|By Will Bunch ’81|
William Bostwick ’07 on Prohibition, agriculture, innovation, and the relationship betweenbeer and writing.BAM To what extent do you owe your love of craft beer to your time at Brown?
WB My first taste of craft beer came at Brown. I had arranged a big ski trip to Vermont and was given a six-pack of my choice as thanks. I remember thinking my beer knowledge was gleaned from my parents—and they drank Rolling Rock. My friend said, “Pick something good,” but I didn’t know good beer. I think it was Dale’s Pale Ale from Oskar Blues in Oregon, what we would think of now as a super-hoppy, super-citrusy IPA. It was my first experience of what beer could be. Also, at Brown I’d studied Early American Literature, so when I started home brewing I experimented with colonial American recipes.
BAM What inspired you to write about the history of beer in The Brewer’s Tale?
WB As I started digging in the historical record for inspiration for home brewing old recipes, I saw the deep, rich history of beer in society. It was my realization that beer, even in the recent past, was really a cornerstone, of not just social life. It was religious. It was medicinal. There is a way of organizing the world—of telling our story—that beer can tell.
BAM As a beer writer, brewer, and connoisseur, what did you learn about the history of beer that surprised you?
WB The most interesting thing was the connection between beer and agriculture, between beer and gardening. We think of beer as an industrial product, and in a lot of ways it is. Through the need to make it on a large scale we have massive breweries. But beer for much of history was a homegrown event. Houses in Mesopotamia had a brew pot in the corner of the house. It was like the Italian family with the simmering pot of tomato sauce on top of the stove. That was beer.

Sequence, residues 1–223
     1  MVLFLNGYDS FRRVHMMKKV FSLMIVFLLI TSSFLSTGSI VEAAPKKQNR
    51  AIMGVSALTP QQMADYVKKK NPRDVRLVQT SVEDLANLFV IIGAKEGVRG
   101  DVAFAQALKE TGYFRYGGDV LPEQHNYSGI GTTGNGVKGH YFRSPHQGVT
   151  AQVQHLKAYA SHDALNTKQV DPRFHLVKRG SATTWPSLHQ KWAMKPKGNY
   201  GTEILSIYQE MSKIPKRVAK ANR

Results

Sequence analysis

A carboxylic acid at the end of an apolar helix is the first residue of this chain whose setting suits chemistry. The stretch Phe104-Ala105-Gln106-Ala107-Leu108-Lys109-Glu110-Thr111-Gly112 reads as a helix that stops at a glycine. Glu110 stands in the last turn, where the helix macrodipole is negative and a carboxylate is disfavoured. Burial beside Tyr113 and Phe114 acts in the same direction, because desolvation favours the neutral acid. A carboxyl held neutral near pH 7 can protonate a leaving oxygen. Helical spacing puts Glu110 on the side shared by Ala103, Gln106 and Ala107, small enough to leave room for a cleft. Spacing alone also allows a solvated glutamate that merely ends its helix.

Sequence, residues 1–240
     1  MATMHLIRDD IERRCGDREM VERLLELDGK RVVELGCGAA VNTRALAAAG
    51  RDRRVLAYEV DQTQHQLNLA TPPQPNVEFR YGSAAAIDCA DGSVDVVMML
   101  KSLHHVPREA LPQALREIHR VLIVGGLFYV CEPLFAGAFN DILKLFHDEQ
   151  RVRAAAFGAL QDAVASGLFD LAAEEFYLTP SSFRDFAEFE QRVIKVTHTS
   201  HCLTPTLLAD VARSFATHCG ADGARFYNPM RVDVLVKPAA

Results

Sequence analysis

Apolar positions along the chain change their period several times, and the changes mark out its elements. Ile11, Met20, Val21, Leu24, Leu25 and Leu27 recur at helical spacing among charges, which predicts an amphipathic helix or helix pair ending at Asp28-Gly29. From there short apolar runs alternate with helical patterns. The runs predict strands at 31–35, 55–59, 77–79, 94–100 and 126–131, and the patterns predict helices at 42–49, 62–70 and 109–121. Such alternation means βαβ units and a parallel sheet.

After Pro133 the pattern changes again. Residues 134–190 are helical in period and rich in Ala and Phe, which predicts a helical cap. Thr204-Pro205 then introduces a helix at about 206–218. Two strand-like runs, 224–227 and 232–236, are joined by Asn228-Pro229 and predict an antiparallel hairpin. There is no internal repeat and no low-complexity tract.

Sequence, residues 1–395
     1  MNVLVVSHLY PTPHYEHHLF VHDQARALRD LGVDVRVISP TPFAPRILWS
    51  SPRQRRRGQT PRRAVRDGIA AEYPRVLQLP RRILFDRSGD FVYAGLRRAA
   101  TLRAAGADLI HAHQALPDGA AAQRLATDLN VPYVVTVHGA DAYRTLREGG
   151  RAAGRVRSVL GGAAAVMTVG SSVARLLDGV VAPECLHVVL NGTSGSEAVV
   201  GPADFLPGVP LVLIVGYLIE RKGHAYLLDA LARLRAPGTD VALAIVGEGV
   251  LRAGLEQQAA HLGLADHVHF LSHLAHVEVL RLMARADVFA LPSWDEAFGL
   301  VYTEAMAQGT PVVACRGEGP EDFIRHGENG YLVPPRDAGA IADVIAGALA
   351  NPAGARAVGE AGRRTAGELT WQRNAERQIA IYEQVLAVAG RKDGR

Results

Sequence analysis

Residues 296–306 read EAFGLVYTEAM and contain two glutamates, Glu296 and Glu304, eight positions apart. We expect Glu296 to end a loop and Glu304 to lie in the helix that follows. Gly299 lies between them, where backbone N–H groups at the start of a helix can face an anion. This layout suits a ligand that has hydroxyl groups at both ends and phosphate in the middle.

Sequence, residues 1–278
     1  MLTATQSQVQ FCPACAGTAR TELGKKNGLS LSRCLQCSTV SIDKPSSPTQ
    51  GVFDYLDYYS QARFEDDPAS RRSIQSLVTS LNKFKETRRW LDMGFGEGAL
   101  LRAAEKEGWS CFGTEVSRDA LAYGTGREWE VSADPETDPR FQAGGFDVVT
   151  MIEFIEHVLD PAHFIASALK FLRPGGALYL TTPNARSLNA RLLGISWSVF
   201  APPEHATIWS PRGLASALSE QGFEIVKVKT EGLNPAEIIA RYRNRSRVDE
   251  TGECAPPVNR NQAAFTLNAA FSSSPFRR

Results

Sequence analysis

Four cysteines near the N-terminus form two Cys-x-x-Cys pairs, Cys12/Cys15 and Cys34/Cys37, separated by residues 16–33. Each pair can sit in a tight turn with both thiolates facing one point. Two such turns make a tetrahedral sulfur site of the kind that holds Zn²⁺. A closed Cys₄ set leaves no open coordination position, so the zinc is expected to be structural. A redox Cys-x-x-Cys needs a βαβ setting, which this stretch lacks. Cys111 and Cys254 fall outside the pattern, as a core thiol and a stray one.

BAM Your book suggests that America is the center of beer innovation right now. Why is that?
WB It’s interesting, you can kind of blame and credit Prohibition. In America, we had a rich homegrown beer tradition, beginning with the settlers and with colonial America. We couldn’t afford to import British beer, and certain ingredients we were used to having we didn’t have in America, so we had to invent our own beer tradition. Prohibition and the emerging American macro beer conglomerates forced smaller brewers to have the same kind of reinvention in the ’60s and ’70s and early ’80s.
BAM In addition to writing about beer, you’re also a brewmaster. Tell me about that and how it influences your writing.
WB It’s a little brewery called Woods Beer. Woods is run by a friend in the old Mission District [of San Francisco], and they’re opening another one, and I’m a brewer there. Making any kind of thing changes your relationship to it. After spending my day in front of a keyboard, I’m making something, and serving it, and talking about it. There is romance, and a real tangible mental security to brewing professionally. But part of what you learn about the craft is how hard and stressful it is.